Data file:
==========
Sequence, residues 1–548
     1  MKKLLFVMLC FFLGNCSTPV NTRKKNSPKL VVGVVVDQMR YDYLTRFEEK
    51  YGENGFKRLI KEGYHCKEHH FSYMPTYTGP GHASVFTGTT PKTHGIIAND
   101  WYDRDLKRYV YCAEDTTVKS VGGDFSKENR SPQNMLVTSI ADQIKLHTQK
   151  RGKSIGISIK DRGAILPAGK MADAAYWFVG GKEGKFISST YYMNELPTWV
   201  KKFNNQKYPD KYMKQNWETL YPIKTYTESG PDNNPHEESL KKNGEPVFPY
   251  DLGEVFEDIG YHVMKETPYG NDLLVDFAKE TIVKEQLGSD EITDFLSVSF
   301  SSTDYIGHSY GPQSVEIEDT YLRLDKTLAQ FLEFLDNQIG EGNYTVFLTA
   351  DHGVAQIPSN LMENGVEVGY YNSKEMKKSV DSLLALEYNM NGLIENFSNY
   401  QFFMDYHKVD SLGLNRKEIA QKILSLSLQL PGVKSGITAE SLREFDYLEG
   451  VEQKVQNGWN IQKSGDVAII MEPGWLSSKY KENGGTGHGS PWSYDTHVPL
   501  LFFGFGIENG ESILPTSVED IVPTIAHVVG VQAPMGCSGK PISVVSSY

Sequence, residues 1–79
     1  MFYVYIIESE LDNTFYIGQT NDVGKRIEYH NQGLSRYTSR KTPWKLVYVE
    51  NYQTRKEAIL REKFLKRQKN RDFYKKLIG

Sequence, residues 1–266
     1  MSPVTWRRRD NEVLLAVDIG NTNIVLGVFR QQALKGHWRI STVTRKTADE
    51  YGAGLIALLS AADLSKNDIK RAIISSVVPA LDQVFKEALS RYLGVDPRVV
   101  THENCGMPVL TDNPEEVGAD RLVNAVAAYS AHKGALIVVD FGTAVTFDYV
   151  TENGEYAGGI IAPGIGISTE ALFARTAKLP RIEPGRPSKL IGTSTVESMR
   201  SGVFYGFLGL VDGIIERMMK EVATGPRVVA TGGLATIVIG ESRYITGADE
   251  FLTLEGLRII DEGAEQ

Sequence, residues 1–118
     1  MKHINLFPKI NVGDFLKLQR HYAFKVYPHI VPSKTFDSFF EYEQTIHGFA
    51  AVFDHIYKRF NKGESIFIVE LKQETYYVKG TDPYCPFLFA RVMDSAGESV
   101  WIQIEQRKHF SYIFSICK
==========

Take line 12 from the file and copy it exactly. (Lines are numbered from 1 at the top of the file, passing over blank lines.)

   501  LFFGFGIENG ESILPTSVED IVPTIAHVVG VQAPMGCSGK PISVVSSY